Chinese “wealth clusters” show how good it is when the government stays out of things

Hangzhou rises.
Hangzhou rises.
Image: Reuters/Stringer
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The Chinese government takes great credit for starting the economic reforms in 1978 that brought China out of the darkness of the Mao era. But the most important thing it really did was get out of the way, suggests a new study from Xi’an Jiaotong-Liverpool University.

Using evidence from industrial census data, the study shows that historically wealthier regions, once under less government control and back in charge of their own business (or some of it), soon achieved relative prosperity once again (pdf). Light-industry clusters formed along the eastern coast, taking advantage of its maritime harbors and historical fluvial ports—including those of the Grand Canal connecting Beijing and Hangzhou. They began producing and trading, reviving old networks within China and abroad. Hangzhou blossomed into an innovative technology center. Today it’s home to Alibaba, the e-commerce giant.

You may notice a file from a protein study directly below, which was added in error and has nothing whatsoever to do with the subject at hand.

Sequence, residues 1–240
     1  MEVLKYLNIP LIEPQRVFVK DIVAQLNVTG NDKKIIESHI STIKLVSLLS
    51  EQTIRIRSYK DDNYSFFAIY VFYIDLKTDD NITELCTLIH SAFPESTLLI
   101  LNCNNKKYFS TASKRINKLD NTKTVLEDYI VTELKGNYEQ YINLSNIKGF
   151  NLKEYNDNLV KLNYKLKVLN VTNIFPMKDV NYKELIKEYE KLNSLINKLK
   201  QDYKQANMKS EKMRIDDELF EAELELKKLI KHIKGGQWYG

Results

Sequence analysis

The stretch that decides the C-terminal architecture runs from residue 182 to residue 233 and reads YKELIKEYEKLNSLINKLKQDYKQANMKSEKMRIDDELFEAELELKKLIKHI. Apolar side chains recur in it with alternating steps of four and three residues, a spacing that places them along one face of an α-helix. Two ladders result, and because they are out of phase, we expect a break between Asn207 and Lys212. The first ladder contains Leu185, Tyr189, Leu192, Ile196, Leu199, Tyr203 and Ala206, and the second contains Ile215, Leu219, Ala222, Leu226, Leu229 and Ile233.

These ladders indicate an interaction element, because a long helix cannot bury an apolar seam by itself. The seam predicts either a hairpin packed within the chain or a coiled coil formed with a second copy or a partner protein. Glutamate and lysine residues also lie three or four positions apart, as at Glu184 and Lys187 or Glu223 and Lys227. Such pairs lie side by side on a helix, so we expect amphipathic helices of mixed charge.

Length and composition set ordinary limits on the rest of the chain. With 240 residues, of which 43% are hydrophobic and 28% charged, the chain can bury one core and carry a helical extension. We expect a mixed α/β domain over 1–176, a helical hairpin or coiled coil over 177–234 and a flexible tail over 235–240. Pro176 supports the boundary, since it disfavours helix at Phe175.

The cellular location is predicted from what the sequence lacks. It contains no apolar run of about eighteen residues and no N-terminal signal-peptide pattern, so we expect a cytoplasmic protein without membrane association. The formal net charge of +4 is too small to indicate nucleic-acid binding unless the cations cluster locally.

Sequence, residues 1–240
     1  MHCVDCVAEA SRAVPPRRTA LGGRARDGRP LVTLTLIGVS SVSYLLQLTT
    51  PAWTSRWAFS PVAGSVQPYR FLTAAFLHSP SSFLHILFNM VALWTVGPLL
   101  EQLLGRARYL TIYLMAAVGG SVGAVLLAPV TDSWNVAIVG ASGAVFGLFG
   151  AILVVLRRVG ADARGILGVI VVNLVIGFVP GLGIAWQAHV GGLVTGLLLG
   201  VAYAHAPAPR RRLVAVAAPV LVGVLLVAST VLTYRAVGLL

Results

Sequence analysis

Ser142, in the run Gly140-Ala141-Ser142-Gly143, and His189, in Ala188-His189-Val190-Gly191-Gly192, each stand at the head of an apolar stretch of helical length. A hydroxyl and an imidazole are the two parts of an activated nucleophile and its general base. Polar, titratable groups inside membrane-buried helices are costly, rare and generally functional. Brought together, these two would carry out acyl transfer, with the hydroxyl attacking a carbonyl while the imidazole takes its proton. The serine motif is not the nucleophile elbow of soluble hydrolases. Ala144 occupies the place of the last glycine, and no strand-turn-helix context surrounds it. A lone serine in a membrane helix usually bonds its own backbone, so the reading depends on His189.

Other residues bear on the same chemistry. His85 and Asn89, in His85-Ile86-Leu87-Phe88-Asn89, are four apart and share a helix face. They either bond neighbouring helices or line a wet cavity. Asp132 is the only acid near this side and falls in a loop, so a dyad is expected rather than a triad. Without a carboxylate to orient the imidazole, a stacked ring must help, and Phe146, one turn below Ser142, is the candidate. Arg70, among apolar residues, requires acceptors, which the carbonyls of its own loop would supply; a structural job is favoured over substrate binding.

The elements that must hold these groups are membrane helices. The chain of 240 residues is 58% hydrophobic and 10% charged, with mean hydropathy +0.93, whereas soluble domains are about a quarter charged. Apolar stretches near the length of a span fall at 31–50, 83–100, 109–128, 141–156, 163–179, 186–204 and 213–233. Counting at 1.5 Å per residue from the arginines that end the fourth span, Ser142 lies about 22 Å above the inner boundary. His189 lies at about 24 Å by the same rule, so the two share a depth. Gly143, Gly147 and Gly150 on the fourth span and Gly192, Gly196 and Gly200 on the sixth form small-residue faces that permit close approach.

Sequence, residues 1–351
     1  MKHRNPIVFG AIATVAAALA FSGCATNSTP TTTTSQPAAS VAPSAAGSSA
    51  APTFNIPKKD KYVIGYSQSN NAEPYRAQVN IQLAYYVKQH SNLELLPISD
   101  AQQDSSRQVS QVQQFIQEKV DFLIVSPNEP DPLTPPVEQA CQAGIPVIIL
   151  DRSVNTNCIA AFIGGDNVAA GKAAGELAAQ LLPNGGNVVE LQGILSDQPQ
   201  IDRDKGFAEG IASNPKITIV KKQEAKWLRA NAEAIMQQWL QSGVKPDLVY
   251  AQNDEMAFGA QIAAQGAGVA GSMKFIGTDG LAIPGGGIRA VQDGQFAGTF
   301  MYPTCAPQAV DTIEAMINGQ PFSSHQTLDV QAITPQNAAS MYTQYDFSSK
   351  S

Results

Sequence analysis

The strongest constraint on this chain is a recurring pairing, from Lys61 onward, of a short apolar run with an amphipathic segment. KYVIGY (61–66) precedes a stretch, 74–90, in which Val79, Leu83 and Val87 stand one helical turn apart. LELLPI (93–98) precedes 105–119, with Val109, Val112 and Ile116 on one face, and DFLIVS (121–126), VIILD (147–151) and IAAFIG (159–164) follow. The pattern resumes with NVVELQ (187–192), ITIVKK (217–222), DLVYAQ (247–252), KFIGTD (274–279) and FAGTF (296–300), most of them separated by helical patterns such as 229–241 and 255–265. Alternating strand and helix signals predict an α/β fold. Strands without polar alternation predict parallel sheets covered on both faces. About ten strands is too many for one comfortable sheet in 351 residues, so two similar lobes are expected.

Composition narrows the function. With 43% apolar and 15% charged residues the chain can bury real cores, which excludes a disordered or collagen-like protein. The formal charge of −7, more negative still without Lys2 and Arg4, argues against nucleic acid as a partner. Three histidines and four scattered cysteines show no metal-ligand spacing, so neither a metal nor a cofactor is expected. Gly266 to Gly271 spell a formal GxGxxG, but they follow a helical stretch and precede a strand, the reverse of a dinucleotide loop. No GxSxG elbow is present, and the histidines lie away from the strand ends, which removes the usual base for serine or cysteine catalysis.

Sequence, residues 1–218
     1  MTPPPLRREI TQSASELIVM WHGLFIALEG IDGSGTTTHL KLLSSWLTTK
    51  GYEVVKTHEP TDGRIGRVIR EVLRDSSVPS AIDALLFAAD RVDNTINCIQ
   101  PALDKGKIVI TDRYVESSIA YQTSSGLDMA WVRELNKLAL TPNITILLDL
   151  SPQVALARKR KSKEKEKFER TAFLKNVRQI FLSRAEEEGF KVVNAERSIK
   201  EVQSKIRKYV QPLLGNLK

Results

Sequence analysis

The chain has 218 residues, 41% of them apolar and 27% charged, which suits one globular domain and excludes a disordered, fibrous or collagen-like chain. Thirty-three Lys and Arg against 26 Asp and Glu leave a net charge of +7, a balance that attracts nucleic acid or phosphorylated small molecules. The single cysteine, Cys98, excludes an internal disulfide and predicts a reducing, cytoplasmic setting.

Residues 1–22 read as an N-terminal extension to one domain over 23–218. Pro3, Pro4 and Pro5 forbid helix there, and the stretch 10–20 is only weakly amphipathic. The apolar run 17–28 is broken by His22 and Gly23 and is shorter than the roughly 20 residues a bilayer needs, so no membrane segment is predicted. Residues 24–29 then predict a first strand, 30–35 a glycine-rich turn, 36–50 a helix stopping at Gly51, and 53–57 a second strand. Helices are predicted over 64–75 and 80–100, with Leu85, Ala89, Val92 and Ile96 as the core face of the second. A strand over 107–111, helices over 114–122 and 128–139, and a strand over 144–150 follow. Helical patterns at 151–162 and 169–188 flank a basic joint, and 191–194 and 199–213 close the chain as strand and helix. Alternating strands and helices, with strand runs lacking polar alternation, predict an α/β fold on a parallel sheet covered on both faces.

“China’s growth resurgence, at least in the 1980s and 1990s, is more about the flourishing of long-suppressed indigenous entrepreneurial traditions than the success of top-down development programs,” notes Andrew Batson, China research director at Gavekal Dragonomics.

The study notes that “access to sea ports stimulates industrial concentration but agricultural legacy has the opposite effect,” confirming finds in other countries. And light industrialization—which in post-reform China tends to be private—creates “larger and stronger” clusters. The researchers conclude that the synergy effect of more trade and urbanization “is stronger where the local conditions are favorable to clusters.”

If only China’s laissez-faire attitude toward such clusters were applied to its politics.